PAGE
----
20. Storage tank design and fatigue life

    SciTech Connect

    Edwards, D.R.

    1982-05-01

    High-viscosity hydrocarbons sometimes require heating to 500 F to be discharged from storage tanks. To give minimum guidance for temperature ranges for certain grades of steels, American Petroleum Institute Standard 650, Appendix M, considers yield strength reduction to increase shell thicknesses and elastic modulus reduction to increase the effective maximum alternating stress amplitude and lower the cycle life. But guidelines are not given for high-strength steels in elevated-temperature service. This paper is concerned with the benefits derived from Appendix M and the effective strength reduction of heat-treated steels. A closed-form solution for the radial deflection of the shell is derived for hydrostatic and thermal conditions. This equation is then expanded to determine the hoop and bending stresses. This enables the maximum alternating stress amplitude to be determined both at the plate-shell junction and the nozzle-shell weldment, resulting in a minimum cycle life determination. Appendix M increased the cycle life by a maximum of 10 percent at 500 F and 2 percent at 300 F for A283-C material. Higher strength shell materials were considered at elevated temperatures via yield strength reduction per Section VIII, Division 2, of the American Society of Mechanical Engineers (ASME) Boiler and Pressure Vessel Code. The reduction in thermal cycle life was very small for these heat-treated materials, even with the corresponding reduction in the elastic modulus.

  1. Bearing Fatigue Life Tests in a Synthetic Traction Lubricant

    Microsoft Academic Search

    D. V. Culp; J. D. Stover

    1976-01-01

    Two samples of 3.75-inch OD (95.3 mm) tapered roller bearings were tested under minimal film conditions using a synthetic (cycloaliphatic) hydrocarbon oil. These tests exhibited extended fatigue life when compared to two samples of the same bearings tested using equivalent viscosity petroleum oils. The apparent difference in pressure viscosity coefficients of these two oils only partially explained the difference in

  2. Effects of Low Speed on Roller Bearing Fatigue Life©

    Microsoft Academic Search

    John R. Miller; Yoshinobu Akamatsu

    1997-01-01

    Two test series were conducted to study the effect of low speed and high load on the rolling-element fatigue life of 30 mm and 40 mm bore cylindrical roller bearings at inner race speeds from 19 to 3725 rpm and lubricant film parameter Lambda (?) ratios from 0.03 to 1.2. Maximum Hertz stress ranged from 2.24 to 4.2 GPa (325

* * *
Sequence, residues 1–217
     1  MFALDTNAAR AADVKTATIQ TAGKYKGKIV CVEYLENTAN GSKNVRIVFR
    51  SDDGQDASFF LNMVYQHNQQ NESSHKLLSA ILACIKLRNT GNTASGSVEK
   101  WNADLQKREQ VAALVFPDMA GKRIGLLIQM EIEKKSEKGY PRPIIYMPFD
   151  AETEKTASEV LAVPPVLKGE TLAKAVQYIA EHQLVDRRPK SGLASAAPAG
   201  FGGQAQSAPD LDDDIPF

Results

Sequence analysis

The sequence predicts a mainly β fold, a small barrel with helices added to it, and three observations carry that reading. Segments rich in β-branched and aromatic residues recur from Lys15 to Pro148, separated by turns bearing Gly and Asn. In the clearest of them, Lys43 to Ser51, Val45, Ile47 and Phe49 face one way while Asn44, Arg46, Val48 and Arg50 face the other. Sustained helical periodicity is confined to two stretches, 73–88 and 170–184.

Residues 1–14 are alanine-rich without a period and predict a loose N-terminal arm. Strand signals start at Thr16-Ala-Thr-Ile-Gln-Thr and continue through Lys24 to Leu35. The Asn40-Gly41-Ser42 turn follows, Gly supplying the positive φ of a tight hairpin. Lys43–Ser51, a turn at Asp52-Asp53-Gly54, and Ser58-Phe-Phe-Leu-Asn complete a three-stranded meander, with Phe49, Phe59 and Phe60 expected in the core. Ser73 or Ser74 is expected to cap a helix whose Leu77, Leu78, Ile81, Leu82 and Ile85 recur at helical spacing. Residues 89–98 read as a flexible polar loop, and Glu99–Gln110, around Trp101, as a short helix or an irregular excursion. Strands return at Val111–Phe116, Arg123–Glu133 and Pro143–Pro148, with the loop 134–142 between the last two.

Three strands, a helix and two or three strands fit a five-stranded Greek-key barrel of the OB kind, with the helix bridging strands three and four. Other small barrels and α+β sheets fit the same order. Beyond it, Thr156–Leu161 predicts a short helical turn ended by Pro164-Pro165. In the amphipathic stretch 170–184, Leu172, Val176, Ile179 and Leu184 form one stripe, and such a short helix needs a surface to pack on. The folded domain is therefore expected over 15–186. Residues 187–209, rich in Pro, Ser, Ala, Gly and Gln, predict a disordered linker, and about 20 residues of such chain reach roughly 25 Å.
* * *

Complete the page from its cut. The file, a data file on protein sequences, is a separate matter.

3. Silicon MEMS components: a fatigue life assessment approach

    Microsoft Academic Search

    A. Varvani-Farahani

    2005-01-01

    A fatigue damage approach for life assessment of silicon micro-components is proposed. The components of this model have been developed based on the physics of crack initiation and damage progress on the most damaging planes. This approach may be of great importance in durability assessment of silicon-based MEMS components while the complexity of testing equipment, micro-sized specimen preparation, and the

  4. Fatigue Life Estimation of Structures Subjected to Vibratory Loading

    Microsoft Academic Search

    M. Fressinet; F. Fuchs; P. Madelpech

    \\u000a Fatigue life is commonly estimated by an analysis of the stress time history through a peak-valley counting method and the\\u000a damage is calculated thanks to a damage summation method. Unfortunately, vibratory loadings are often random and this kind\\u000a of calculation would be very time consuming. Such spectra require other methods and that’s why especially dedicated models\\u000a have been developed. Known

  5. Development of BGA solder joint vibration fatigue life prediction model

    Microsoft Academic Search

    T. E. Wong; B. A. Reed; H. M. Cohen; D. W. Chu

    1999-01-01

    The objective of the present study is to develop a vibration fatigue life prediction model for ball grid array (BGA) solder joint. In this study, 3D global\\/local finite element models were first constructed with MSC\\/PATRAN code. For the global model including BGA package soldered onto the printed wiring board (PWB), linear finite element dynamic analyses with an excitation normal to